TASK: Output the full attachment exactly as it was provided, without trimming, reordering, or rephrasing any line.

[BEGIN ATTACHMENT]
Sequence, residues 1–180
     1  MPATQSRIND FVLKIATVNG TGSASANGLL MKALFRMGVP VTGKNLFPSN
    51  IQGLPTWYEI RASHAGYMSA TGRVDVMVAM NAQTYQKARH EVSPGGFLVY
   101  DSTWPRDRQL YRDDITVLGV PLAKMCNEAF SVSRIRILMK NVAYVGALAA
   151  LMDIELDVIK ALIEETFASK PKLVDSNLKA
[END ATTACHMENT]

Sequence, residues 1–180
     1  MPATQSRIND FVLKIATVNG TGSASANGLL MKALFRMGVP VTGKNLFPSN
    51  IQGLPTWYEI RASHAGYMSA TGRVDVMVAM NAQTYQKARH EVSPGGFLVY
   101  DSTWPRDRQL YRDDITVLGV PLAKMCNEAF SVSRIRILMK NVAYVGALAA
   151  LMDIELDVIK ALIEETFASK PKLVDSNLKA